Early in Passing, Clare refers to the biblical story of Noah's son Ham, a story that reminds her of her treatment at the hands of her own relatives: "they weren't quite sure that the good God hadn't intended the sons and daughters of Ham to sweat because he had poked fun at old man Noah when he had taken a drop too much. I remember the aunts telling me that the old drunkard had cursed Ham and his sons for all time" (188). This biblical story, which links the alienation and misfortune of people of black descent to a specific root cause, may be treated in a flippant manner by Clare herself; however, Passing itself is structured around themes of estrangement from one's community, for multiple characters. Clare comes to see herself (in a reversal of the anti-black account of Ham) as an outcast from a desirable black community, while Irene, at her most miserable, muses that she is part of the outcast race of "Ham's dark children" (248).
The Uncomfortable Weather (Symbol/Motif)
Some of the strongest motifs in Passing relate to the weather in Chicago and New York. For instance, in order to set up Irene's tense visit to Clare's quarters in Chicago, Larsen begins with by discussing the heat and climate on the day of Irene's visit: "On Tuesday morning a dome of grey sky rose over the parched city, but the stifling air was not relieved by the silvery mist that seemed to hold a promise of rain, which did not fall" (193). The discomfort that the weather causes Irene neatly echoes that psychological and emotional discomfort that Irene feels, and perhaps foreshadows the increased "heat" of emotion that Irene will feel after meeting the bigoted John Bellew. Nor is this the only time that weather reflects Irene's state of mind: in the final segments of the novel, Irene feels that the December weather is completely out-of-season, "The kind of weather for Easter. Certainly not for Christmas" (246). The weather is off-kilter and inharmonious--much like Irene's personal life, which has been disrupted by Clare's intrusive presence and by the possibility of an affair between Clare and Brian.
Brian and Brazil (Symbol/Motif)
After returning home from Chicago, Irene reflects on one of the sources of Brian's restlessness: namely, "That strange, and to her fantastic, notion of Brian's of going off to Brazil, which, though unmentioned, yet lived within him" (217). Brazil, for Brian, symbolizes escape from the medical duties that he finds increasingly unpleasant; for Irene, the country symbolizes exactly the opposite, a disruption of the household stability that she has worked so hard to create. Neither character, however, demonstrates any extensive knowledge of Brazil itself. Instead, the country is a fantastical place onto which Brian projects his foiled hopes, and onto which Irene projects her lingering fears.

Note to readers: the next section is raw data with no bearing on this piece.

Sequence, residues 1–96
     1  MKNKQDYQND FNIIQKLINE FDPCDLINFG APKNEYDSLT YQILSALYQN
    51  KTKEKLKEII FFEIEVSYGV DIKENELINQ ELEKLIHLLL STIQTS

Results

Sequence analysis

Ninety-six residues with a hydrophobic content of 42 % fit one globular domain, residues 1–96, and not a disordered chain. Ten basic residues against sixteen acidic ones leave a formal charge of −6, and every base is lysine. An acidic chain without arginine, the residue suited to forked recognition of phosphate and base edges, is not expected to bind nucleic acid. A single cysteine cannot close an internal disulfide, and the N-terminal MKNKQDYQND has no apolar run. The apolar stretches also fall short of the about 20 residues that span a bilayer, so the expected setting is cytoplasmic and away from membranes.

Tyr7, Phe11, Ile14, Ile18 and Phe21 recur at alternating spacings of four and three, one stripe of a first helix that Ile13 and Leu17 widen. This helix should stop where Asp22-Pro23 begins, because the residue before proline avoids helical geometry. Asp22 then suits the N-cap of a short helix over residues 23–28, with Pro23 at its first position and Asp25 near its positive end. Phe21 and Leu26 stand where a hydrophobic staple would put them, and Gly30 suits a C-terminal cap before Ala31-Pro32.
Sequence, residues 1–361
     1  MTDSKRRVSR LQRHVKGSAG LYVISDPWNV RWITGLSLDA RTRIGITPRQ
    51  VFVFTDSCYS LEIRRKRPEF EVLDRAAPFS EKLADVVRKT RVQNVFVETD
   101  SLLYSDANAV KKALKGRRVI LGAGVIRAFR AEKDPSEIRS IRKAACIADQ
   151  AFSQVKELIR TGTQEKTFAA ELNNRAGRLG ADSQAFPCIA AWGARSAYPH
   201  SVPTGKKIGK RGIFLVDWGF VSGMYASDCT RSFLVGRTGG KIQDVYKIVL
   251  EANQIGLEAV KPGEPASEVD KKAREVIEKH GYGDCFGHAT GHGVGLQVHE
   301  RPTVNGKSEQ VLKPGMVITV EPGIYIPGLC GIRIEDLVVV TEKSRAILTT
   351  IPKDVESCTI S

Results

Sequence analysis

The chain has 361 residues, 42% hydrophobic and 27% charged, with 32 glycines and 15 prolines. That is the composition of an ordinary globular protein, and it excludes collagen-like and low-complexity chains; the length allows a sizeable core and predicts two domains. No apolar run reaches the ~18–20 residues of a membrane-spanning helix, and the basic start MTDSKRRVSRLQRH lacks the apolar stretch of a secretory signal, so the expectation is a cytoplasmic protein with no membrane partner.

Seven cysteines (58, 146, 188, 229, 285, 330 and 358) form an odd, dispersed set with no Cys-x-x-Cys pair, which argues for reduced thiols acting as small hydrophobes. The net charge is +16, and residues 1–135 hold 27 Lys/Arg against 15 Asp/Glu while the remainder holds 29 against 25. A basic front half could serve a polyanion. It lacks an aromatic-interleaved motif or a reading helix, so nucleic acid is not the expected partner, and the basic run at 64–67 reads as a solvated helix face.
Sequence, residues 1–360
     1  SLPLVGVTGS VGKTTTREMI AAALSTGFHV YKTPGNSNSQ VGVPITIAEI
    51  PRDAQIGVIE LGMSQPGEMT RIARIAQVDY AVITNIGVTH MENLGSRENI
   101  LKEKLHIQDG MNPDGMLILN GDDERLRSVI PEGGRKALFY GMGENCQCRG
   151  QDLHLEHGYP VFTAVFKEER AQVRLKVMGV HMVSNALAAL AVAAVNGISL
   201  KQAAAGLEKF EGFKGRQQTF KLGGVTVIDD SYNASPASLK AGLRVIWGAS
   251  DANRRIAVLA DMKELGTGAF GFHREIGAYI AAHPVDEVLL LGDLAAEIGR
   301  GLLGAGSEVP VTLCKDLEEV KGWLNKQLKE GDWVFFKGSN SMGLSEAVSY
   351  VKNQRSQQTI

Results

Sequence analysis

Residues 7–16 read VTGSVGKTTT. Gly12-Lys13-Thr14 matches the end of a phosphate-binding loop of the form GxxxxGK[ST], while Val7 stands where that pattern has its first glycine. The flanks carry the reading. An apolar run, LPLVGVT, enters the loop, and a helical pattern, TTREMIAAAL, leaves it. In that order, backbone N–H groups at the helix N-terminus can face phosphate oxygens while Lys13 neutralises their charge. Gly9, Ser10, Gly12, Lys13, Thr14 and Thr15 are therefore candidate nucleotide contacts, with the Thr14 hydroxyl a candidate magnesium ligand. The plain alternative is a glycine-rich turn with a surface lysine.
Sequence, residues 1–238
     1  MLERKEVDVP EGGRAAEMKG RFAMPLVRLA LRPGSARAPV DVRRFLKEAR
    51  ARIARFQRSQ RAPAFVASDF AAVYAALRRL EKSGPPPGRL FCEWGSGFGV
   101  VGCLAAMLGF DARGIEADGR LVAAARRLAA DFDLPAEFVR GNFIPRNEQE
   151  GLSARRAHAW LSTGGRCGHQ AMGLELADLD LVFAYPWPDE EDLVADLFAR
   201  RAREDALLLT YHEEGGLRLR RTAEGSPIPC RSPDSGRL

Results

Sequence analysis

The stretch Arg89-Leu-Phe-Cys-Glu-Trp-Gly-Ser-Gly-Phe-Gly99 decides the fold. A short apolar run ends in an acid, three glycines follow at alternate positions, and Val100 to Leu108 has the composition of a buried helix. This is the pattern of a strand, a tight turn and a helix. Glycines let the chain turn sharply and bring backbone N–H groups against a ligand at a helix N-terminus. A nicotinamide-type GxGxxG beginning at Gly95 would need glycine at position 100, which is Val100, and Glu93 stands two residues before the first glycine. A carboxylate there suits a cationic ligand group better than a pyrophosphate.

Empty Socializing (Motif)
Looking back on the Negro Welfare League Dance, Clare realizes that many of her impressions are unremarkable, and with good reason: "the dance faded to a blurred memory, its outlines mingling with those of other dances of its kind that she had attended in the past and would attend in the future" (237-238). This is not the only instance of forgettable pleasantry in Passing; in fact, the very interchangeability and disposability of later social events (Irene's tea party, the Freelands' Christmas party) plays a crucial role in the narrative. The outward ease of Irene's social life starkly contrasts with the turmoil that Irene feels: the confusion of her feelings contrasts with her appearance of jaded calm in public.
The climactic events of Passing take place during the Christmas season, a time of year that should be marked by festivities and new beginnings but that assumes very different connotations in Larsen's narrative. Instead, Irene's own fears and anxieties reach their highest point and Clare's life comes to a catastrophic end. Although this reversal of expected imagery may seem unusual, it fits with Larsen's earliest description of the Christmas weather: "It wasn't, this mild weather, a bit Christmasy, Irene Redfield was thinking as she turned out of Seventh Avenue into her own street" (245). With this subtle statement, Larsen indicates that the entire Christmas season will go off-kilter for the Redfields and the Bellews.
Passing Questions and Answers
The Question and Answer section for Passing is a great
resource to ask questions, find answers, and discuss the novel.
Irene is an elegant and affluent woman of African-American descent. She spent her childhood in Chicago but relocated to Harlem, where she lives with her husband Brian and her two sons, Brian Junior and Ted. Alternately levelheaded and sensitive,...